With Jeffrey Combs, Adrian DiGiovanni, Danielle Doetsch, Pete Giovagnoli, and Ken Brown; Written and directed by Don Thacker; No MPAA rating (patently adult); 104 minutes.
Writer-director Don Thacker’s debut feature MOTIVATIONAL GROWTH is a curious cult oddity about the initially inspiring but ultimately codependent and destructive relationship between a man and a large chunk of sentient fungus growing on his bathroom floor. This probably requires a bit more explanation.
Ian B. Folliver (played by Adrian DiGiovanni, looking like a lost Turturro cousin) is a depressed agoraphobic who has not left his apartment in sixteen months. Nor has he cleaned it. Lounging around this pigsty on a filthy couch for days on end, Ian’s only emotional connection is with a vintage 1965 console television that he’s nicknamed Kent.
When the handsomely wood-paneled Kent blows a tube, our despondent Ian attempts suicide. He awakens on the bathroom floor at the urging of The Mold. Voiced by midnight movie staple Jeffrey Combs, The Mold is a disgusting puppet that resembles the McDonald’s character Grimace after an industrial accident. It’s also a pretty good life coach.
Referring to itself in the third person and demanding to be addressed as “The Mold,” never just “Mold,” the chatty fungus snaps Ian out of his funk, at which point the title “Motivational Growth” takes on a double meaning slightly groan-worthy even for aficionados of bad puns. Ian cleans up his act, shaves and even starts to get somewhere with the kooky gal down the hall (Danielle Doetsch) he’s been peering at through the peephole for weeks.
But something’s slightly off about Ian’s upward trajectory. He’s suffering from bizarre, ever-expanding interstitial interludes–surreal gross-out hallucinations inspired by crappy eighties television programs and exercise videos. The spot-on parodies include “Tough As Nails Tiger Team A” and (my personal favorite) “Officer Zygor, Alien Cop.” Ian often abruptly finds himself stranded inside channel-surfing montages, or retro video game animated sequences hounded by an 8-bit musical score. He also occasionally vomits up some sort of brightly colored, acidic substance.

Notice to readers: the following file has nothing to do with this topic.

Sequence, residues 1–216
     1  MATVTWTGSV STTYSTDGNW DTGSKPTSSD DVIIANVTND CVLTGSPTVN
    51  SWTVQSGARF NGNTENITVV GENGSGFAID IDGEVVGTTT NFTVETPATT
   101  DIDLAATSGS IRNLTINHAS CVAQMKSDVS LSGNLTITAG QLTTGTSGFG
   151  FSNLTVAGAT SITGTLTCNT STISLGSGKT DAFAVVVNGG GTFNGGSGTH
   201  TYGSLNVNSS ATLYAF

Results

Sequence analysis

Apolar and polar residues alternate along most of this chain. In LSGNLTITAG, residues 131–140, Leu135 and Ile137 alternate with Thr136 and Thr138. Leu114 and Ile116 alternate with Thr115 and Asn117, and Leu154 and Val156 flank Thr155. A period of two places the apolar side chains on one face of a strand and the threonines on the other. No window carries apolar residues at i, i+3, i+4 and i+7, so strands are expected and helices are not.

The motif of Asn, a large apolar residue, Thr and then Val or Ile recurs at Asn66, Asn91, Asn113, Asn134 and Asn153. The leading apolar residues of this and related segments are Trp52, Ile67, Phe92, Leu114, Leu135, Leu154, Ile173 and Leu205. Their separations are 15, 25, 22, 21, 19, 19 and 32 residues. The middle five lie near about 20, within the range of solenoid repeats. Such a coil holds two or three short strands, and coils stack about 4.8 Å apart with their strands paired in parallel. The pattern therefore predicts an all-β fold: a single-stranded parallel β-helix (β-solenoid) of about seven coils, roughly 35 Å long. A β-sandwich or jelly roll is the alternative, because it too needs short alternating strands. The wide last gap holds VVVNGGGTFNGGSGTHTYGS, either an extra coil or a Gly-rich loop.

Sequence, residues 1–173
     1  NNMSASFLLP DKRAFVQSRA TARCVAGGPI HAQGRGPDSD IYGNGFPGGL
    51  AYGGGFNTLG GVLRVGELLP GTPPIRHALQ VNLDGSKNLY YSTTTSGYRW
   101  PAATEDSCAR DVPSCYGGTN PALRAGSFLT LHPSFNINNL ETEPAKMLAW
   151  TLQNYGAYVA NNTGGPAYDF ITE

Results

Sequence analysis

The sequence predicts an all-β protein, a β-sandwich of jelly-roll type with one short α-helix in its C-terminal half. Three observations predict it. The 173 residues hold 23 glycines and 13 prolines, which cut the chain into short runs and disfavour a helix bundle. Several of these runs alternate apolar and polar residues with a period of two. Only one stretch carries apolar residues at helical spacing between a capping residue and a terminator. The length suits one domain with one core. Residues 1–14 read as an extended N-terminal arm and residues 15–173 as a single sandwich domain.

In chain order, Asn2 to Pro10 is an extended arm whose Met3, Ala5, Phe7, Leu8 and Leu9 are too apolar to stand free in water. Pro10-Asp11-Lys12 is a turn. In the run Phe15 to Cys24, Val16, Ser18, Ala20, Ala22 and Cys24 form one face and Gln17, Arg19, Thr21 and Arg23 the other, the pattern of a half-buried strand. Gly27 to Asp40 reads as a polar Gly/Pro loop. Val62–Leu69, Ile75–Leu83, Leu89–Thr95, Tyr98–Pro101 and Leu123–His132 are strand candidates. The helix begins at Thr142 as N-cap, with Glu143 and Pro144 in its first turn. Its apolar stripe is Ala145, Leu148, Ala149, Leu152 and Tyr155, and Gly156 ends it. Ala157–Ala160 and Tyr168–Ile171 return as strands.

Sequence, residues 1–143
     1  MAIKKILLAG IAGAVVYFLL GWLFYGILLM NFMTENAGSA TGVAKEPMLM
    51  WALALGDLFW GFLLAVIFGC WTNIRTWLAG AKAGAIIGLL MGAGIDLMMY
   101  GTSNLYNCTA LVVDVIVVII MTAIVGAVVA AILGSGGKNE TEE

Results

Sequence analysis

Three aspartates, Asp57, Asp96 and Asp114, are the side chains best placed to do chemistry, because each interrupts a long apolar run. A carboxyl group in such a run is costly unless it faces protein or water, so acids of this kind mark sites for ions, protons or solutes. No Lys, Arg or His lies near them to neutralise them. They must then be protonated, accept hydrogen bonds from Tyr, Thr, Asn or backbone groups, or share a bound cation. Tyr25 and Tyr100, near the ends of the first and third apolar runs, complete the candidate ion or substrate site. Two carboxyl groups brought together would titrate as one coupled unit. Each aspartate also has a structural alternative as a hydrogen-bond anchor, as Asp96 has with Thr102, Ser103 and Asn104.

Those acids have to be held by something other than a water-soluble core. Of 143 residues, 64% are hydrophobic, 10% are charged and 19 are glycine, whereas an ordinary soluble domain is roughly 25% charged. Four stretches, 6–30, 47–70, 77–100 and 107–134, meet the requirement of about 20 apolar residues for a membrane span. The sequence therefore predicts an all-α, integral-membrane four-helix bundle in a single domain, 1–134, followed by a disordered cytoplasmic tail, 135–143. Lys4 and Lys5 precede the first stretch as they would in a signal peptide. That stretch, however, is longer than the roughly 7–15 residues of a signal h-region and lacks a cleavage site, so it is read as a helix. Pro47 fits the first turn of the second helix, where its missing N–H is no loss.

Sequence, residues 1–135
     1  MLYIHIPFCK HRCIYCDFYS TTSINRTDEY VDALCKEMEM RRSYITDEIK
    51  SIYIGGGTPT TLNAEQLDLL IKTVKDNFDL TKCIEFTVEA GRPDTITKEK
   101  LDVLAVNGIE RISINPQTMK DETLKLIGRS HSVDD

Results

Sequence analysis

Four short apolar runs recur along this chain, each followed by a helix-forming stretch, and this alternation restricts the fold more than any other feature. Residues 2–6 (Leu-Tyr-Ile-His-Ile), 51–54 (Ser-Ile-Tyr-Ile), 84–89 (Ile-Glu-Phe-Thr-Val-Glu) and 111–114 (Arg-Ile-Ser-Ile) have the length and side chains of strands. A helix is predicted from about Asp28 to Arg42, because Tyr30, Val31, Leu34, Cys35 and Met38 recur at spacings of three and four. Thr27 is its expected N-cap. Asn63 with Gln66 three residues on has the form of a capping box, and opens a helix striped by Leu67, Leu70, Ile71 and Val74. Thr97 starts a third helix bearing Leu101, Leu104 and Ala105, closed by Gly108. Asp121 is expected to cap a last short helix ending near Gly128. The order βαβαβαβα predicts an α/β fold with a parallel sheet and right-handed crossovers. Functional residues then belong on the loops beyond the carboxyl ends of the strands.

Making the most of what must have been a miniscule budget, Thacker sticks to good old-fashioned practical special effects and a fondness for the garbage pop culture of days gone by. It’s not at all difficult to guess the movie’s final twist at least an hour in advance, but it feels like Thacker’s telegraphing it so that we’ll figure things out early on, then feel free to sit back and enjoy his screwy free-associations and out-of-nowhere shock cuts.
It doesn’t all work. The first half hour is rough going, providing the protagonist with too many soliloquies delivered directly into the camera. A lot of the acting is middling-to-terrible, save for Doetsch bringing a genuinely loopy charm to a role that purposefully makes no sense. (IMDB informs me that she previously starred in a movie called “Bikini Girls On Ice,” so I know what I’ll be renting this weekend.)
Despite such rookie mistakes, “Motivational Growth” announces a unique sensibility. It made me look forward to whatever Don Thacker does next. It also made me want to clean my bathroom.•••
Over the past fifteen years Sean Burns’ reviews, interviews and essays have appeared in Philadelphia Weekly, The Improper Bostonian, Metro, The Boston Herald, Nashville Scene, The House Next Door, Time Out New York, EntertainmentTell, Philadelphia City Paper and RogerEbert.com. He stashes them all at Spliced Personality.